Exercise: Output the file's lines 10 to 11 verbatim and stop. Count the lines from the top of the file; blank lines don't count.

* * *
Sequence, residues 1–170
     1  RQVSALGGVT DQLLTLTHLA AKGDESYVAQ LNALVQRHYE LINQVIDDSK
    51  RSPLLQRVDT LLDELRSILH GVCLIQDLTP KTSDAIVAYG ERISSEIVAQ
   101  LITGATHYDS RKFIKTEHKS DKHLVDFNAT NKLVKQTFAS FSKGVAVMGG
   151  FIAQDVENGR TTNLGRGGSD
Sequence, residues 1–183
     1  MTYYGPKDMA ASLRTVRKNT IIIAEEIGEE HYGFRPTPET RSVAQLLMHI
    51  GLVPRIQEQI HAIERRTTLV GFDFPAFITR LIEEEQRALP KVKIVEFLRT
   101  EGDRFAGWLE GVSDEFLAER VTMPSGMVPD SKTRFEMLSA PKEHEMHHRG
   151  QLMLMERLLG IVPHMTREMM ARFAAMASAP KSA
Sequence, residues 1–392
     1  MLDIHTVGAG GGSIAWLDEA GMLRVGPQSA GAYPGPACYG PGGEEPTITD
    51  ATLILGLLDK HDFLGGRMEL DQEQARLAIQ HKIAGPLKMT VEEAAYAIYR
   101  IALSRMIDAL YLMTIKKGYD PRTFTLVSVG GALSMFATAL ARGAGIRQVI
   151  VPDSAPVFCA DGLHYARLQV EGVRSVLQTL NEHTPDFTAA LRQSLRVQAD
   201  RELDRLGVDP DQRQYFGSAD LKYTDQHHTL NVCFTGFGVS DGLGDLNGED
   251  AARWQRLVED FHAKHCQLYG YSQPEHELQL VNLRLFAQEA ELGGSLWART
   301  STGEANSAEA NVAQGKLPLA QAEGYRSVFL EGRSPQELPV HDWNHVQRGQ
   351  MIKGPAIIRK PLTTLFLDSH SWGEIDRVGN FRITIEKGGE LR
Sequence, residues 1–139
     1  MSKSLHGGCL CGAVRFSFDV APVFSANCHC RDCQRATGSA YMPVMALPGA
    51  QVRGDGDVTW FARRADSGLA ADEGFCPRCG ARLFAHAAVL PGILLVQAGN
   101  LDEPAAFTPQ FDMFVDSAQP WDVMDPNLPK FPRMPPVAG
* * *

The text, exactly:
   151  QLMLMERLLG IVPHMTREMM ARFAAMASAP KSA
Sequence, residues 1–392